Appeal from the Order of the Unemployment Compensation Board of Review in case of In Re: Claim of Raymond McKeown, No. B-186536.
Andrew Erba, with him Marjorie A. Janoski, for petitioner.
Francine Ostrovsky, Associate Counsel, with her Richard L. Cole, Jr., Chief Counsel, for respondent.
President Judge Crumlish and Judges Rogers and Blatt, sitting as a panel of three. Opinion by Judge Rogers.
[ 65 Pa. Commw. Page 618]
The claimant, Raymond McKeown, seeks reversal of an order of the Unemployment Compensation Board of Review denying him benefits as a voluntary quit pursuant to § 402(b)(1) of the Unemployment Compensation Law, Act of December 5, 1936, Second Ex. Sess., P.L. (1937) 2897, as amended, 43 P.S. § 802(b)(1).
The facts as found by the referee, following a hearing at which the claimant and his witnesses testified but which the employer did not attend, are as follows. The claimant was employed by a meat processing enterprise as a cook for about four months. On his last day of work he became involved in a dispute with his employer concerning working conditions. The claimant said that he was overworked and needed an assistant. The employer disagreed telling the claimant that he was able, and would be required to, perform his duties alone. The employer also told the claimant that if he was not satisfied with the requirements of his job, he could leave; whereupon the claimant left. The unemployment compensation referee concluded that the claimant had not met his burden of showing cause of a compelling and necessitous nature for leaving his employment and denied benefits. On appeal, the Board affirmed. We agree with the determinations below and therefore affirm the Board's order.
[ 65 Pa. Commw. Page 619]
To prove good cause for leaving his employment because of the nature of his work duties the claimant must show not only that his working conditions have changed but also that the change was unreasonable. Tucker v. Unemployment Compensation Board of Review, 14 Pa. Commonwealth Ct. 262, 319 A.2d 195 (1974). Mere dissatisfaction with one's working conditions is not compelling and necessitous cause for terminating one's employment. Ferry v. Unemployment Page 619} Compensation Board of Review, 58 Pa. Commonwealth Ct. 154, 427 A.2d 716 (1981). The employer's evidence tended to show that the volume of the business was less during the month immediately preceding the claimant's leaving, that the claimant had less to do than before and that the claimant did not need an assistant. The Board found that the claimant was not overworked and that his duties were not onerous or unreasonable. Questions of credibility are within the province of the referee and the Board. El v. Unemployment Compensation Board of Review, 61 Pa. Commonwealth Ct. 57, 432 A.2d 651 (1981). On this record we cannot say that the referee and the Board erred in concluding that the claimant did not demonstrate a good cause for voluntarily terminating his employment.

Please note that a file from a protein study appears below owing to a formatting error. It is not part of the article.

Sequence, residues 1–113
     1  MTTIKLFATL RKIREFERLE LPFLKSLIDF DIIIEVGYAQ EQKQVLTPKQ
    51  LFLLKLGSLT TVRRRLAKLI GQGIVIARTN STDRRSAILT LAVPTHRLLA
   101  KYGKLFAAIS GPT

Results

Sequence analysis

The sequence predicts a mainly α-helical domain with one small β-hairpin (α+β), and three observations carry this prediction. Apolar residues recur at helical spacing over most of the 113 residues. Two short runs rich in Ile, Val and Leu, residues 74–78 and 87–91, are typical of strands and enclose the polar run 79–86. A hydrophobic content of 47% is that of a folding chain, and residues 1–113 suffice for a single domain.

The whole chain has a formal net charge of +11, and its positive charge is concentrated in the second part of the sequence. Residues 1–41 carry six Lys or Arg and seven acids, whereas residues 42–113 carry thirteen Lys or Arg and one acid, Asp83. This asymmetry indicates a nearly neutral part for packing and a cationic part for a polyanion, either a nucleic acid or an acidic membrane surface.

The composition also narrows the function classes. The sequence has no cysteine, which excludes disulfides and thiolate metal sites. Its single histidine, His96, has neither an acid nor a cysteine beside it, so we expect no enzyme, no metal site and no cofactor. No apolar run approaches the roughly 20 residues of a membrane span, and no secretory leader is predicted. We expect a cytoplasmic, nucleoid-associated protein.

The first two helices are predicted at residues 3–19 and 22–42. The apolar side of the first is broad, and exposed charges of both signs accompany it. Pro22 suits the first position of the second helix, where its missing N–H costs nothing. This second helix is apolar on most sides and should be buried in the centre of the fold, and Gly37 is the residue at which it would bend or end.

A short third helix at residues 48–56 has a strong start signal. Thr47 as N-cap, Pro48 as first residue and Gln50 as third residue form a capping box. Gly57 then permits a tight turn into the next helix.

The claimant renews arguments made below that he quit because his health and safety were endangered by working alone but he also testified to the effect that he could do the work alone but it took him too long and involved too much responsibility. It was not therefore a capricious disregard of competent evidence for the authorities to choose to believe that it was the work, not threat to his safety, which impelled the claimant's quit. See Slayton v. Unemployment Compensation Board of Review, 58 Pa. Commonwealth Ct. 120, 427 A.2d 322 (1981).
The cases of Wilkes-Barre Transit Corp. v. Unemployment Compensation Board of Review, 215 Pa. Superior Ct. 353, 257 A.2d 275 (1969), affirmed, 438 Pa. 554, 265 A.2d 519 (1970) and Condominium Corp. of Pennsylvania, Green Tree Village v. Unemployment Compensation Board of Review, 41 Pa. Commonwealth Ct. 324, 398 A.2d 1122 (1979), which the appellant says are controlling, are not. It is true that both cases present the same issue as this; that is,
[ 65 Pa. Commw. Page 620]
whether the claimants, one who quit because of, and the other who was discharged for, refusing to work because of assertedly hazardous or too strenuous working conditions were eligible for compensation; it is also true that the claimants prevailed. But in each case the claimant's version of the disputed facts was accepted by the ...